Elijah Parish Lovejoy, Presbyterian minister and first
martyr for the abolition movement
(Photo credit: Appletons’ Cyclopædia of American Biography)
The schism dividing American Jews and other liberals over loyalty to the Zionist project and support for the 45 year-old Israeli occupation, long anticipated and discussed on this site, may finally be underway. What is unclear is the magnitude of the social upheaval that will result as the rupture widens: will the ensuing turbulence resemble that of the 1960s or be closer to the 1860s on the social Richter scale?
It is generally agreed that among the factors that served to fix America on a path toward civil war in the 1860s was the raid on Harpers Ferry by the abolitionist John Brown in 1859. With the Presbyterian Church (U.S.A.) assembling in Pittsburgh next week to consider divestment from the Israeli occupation, it is worthwhile to remember that a key personal motivation for John Brown was the murder of the Presbyterian minister and editor Elijah P. Lovejoy, a fierce opponent of slavery and America’s first martyr to the abolition movement.
The son of a minister, Lovejoy grew up in Maine and after college settled in St. Louis, Missouri where he worked as editor of the Presbyterian weekly newspaper, the St. Louis Observer. He was subsequently ordained and became pastor of the Presbyterian Church in St. Louis. His editorials for the St. Louis Observer strongly condemned slavery. St. Louis was a major port in a slave state, and Lovejoy’s writings angered pro-slavery factions in the city. On three separate occasions pro-slavery mobs destroyed his printing presses, attempting to silence him.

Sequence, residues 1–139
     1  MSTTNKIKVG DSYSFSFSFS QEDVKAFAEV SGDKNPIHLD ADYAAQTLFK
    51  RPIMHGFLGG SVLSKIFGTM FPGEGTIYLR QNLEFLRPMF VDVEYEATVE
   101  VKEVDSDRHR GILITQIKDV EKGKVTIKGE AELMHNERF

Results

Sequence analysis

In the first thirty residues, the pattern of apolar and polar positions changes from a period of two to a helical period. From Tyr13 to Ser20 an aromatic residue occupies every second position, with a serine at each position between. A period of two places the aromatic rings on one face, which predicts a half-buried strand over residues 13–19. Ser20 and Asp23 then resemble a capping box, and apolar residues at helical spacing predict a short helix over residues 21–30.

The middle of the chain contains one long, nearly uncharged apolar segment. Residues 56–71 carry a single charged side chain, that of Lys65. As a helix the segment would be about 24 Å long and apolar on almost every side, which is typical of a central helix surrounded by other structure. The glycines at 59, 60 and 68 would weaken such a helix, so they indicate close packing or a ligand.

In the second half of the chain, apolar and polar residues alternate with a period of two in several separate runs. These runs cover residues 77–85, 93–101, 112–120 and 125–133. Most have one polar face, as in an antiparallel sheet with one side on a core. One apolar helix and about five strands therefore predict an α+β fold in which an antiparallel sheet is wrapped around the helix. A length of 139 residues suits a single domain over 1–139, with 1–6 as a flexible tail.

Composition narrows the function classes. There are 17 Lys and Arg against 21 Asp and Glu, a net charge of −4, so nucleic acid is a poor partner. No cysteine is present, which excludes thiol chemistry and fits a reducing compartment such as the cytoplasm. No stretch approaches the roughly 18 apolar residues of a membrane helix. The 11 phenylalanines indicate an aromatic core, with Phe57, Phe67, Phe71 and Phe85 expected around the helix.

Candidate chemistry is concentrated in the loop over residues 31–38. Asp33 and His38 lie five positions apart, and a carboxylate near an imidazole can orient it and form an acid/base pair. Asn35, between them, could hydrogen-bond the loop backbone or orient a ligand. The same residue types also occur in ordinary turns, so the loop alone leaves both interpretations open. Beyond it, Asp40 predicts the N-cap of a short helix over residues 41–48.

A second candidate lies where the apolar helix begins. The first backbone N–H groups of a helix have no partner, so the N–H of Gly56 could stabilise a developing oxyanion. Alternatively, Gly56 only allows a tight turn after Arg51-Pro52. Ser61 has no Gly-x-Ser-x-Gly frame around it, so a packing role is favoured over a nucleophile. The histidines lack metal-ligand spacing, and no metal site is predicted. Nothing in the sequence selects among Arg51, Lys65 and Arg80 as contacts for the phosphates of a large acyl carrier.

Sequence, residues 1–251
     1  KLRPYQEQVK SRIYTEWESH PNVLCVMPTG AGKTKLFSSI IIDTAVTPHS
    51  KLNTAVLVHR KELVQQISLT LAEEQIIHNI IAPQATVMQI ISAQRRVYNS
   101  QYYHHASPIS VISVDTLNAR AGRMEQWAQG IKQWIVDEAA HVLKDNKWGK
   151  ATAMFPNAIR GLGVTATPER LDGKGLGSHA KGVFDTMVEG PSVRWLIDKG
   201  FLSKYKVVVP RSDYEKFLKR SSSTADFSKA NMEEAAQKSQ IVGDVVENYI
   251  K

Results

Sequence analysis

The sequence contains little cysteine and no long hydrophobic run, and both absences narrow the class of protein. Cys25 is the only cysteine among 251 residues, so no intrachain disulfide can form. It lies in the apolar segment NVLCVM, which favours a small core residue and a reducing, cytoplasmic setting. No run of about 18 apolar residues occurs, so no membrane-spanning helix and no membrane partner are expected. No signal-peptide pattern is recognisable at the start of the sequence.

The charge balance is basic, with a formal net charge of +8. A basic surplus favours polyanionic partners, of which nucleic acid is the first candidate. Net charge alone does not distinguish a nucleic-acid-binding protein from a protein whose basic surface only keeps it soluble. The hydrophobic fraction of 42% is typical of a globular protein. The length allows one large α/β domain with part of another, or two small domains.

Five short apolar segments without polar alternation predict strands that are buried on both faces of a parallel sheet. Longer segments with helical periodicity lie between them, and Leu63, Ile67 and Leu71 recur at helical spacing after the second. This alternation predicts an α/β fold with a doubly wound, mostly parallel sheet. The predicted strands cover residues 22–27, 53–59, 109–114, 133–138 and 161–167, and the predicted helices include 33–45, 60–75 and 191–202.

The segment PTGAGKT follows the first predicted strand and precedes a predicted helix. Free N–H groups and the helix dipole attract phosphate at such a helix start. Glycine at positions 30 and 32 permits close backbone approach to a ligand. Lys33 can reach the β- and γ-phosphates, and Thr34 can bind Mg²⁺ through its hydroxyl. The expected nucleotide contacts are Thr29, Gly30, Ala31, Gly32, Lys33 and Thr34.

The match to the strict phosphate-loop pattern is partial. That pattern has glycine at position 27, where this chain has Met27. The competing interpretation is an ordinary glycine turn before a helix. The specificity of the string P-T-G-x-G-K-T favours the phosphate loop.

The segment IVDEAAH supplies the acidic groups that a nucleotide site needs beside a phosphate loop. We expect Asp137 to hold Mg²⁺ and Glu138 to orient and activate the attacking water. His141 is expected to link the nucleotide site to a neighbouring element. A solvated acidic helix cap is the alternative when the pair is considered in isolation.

Because of rising tensions in St. Louis over slavery, Lovejoy moved his family across the river to Illinois, a free state, in 1836. There he settled in the town of Alton, founded the Alton Observer and continued to publish and distribute anti-slavery tracts. Alton was a center of abolitionist activity and a hub on the Underground Railroad, but was often raided by slave-catchers and was home to pro-slavery forces. A mob of pro-slavery partisans raided the warehouse where Lovejoy had hidden his printing press in November 1837. Lovejoy died from a shotgun blast defending his press as the mob tried to burn down the warehouse. The mob broke up the printing press and threw the pieces into the Mississippi River.
In Hudson, Ohio where John Brown was living at the time, a local church held a memorial service for Elijah P. Lovejoy. At the conclusion of the prayer service, John Brown, sitting silently in the back, rose and lifted his right hand saying: “Here, before God, in the presence of these witnesses, from this time, I consecrate my life to the destruction of slavery.” Brown’s public oath upon Lovejoy’s murder was in 1837. Twenty-two years later John Brown was hanged from a gallows that, according to Ralph Waldo Emerson, Brown made “glorious like the Cross”.